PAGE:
Scribe - Intuitive Outliner My Journaling System - Resilient Joy Today I journal in one of the three devices I will usually always have at arm's length: my iPhone, iPad or MacBook. I used to have physical journals, but found that the benefits of using a digital journal far outweight having to carry an actual paper book. I would get frustrated having something great to write down but no journal anywhere in sight to capture the idea or the moment! Have you experience that? Or I'd use some random piece of paper only to lose it afterwards. And to complicate things further, writing on a piece of paper would get me distracted because I'd be really picky about my handwriting instead of actually focusing on writing my thoughts and ideas. Don't let your journal be like the bottom drawer of your desk lost with valuable items that you have collected over the years but none of which can ever be found when you look for them again because of how they were poorly stored. Once I began journaling digitally I have never looked back. Why this?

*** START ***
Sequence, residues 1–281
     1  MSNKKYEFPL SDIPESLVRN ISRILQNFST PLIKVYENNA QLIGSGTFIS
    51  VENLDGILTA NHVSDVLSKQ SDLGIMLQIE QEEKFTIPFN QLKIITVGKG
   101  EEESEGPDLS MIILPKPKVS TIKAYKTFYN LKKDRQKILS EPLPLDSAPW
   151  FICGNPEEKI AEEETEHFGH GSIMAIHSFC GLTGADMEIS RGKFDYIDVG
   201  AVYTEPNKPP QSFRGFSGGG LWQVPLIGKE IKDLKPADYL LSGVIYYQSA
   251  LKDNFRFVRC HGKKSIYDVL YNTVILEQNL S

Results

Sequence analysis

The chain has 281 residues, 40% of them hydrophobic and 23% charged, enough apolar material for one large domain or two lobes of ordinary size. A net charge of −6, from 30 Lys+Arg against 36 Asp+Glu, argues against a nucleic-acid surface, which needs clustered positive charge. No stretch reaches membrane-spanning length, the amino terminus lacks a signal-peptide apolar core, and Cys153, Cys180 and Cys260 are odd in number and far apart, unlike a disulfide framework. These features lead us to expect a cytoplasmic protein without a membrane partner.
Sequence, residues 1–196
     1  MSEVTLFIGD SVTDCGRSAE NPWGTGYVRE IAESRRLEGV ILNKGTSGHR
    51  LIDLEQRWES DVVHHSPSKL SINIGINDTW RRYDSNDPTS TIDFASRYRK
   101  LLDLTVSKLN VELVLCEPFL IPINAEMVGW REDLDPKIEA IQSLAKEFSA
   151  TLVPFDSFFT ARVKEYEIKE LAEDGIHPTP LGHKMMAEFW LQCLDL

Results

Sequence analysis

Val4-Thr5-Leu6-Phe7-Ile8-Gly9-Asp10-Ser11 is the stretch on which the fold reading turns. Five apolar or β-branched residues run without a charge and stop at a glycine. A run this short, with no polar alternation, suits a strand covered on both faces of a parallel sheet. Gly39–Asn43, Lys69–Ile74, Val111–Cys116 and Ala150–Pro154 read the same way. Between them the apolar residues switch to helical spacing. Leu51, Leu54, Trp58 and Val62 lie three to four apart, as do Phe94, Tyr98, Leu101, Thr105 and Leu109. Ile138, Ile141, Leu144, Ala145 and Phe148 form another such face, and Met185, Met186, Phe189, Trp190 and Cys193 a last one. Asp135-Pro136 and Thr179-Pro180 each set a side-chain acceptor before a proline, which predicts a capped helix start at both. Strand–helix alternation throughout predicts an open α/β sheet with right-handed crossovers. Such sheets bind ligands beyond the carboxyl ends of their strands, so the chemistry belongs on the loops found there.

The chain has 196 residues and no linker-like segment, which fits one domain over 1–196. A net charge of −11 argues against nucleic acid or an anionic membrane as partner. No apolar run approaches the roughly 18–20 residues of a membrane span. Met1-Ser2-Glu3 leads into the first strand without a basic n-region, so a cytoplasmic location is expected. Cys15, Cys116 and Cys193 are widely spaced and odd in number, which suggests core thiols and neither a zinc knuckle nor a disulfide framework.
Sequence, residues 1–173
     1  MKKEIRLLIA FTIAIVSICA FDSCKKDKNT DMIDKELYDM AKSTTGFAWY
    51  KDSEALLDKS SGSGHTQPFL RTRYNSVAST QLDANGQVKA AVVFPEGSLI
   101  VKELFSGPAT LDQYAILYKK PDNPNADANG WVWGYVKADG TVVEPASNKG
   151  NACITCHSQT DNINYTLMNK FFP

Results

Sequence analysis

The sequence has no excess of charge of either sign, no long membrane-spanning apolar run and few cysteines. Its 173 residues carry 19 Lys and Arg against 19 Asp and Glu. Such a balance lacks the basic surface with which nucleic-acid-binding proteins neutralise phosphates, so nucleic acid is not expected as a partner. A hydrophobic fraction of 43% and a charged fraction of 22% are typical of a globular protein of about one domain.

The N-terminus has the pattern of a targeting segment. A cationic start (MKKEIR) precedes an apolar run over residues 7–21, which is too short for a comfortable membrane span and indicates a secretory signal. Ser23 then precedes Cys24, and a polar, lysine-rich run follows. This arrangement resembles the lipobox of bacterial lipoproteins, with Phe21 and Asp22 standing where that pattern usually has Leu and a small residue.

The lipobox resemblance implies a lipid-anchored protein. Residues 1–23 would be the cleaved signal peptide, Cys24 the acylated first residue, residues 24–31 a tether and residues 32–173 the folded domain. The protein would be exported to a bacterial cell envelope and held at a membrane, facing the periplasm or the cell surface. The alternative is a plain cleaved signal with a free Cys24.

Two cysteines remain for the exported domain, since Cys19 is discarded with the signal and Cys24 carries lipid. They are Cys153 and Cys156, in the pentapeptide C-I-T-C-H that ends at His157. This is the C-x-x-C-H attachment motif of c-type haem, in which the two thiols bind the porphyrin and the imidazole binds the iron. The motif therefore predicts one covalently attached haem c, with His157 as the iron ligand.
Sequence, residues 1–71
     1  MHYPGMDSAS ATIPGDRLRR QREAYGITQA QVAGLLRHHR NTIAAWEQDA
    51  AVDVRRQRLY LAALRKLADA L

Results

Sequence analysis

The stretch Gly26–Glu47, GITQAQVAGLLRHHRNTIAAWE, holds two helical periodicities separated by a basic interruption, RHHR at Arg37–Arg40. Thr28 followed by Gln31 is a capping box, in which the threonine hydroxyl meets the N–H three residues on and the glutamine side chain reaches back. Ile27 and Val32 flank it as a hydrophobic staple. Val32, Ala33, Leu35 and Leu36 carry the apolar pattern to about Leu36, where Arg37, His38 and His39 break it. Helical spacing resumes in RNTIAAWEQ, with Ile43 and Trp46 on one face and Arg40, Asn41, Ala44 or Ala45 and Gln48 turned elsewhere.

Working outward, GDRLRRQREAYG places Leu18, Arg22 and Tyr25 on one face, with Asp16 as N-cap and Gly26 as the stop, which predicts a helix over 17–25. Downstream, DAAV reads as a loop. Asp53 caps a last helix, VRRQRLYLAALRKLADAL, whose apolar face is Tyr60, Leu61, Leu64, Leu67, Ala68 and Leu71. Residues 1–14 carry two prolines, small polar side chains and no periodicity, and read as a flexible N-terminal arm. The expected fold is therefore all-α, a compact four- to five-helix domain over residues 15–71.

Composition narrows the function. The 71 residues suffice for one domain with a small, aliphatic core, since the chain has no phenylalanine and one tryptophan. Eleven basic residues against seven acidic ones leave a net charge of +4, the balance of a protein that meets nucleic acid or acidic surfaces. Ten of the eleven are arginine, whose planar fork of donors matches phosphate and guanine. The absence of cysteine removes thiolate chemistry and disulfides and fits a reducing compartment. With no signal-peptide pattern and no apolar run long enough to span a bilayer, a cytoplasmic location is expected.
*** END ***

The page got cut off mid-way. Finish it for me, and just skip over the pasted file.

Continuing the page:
The Keystone Habit of Journaling Day One Journaling Series: Article 1 • Article 2 • Article 3 • Article 4 Once you have a solid reason to journaling and quality content to write on it about, the only thing you need is to actually start journaling. However, as I illustrated in part two of this series, starting a journal might not actually be as easy as it seems. It is hard to go from writing absolutely nothing per day, to recording mutiple things on the next. For this reason, the biggest road block people face when they begin to journal is developing a habit—it is very common too see people journal for about two weeks then stop. Why exactly does that happen? To better understand why so many people gave up on journaling during the first days I decided to study a bit about how habits work. How Habits Work I went to my university’s library in search of a good book about habits and eventually came across Charles Duhigg’s The Power of Habit book. According to Duhigg, the development of a habit is comprised of three parts: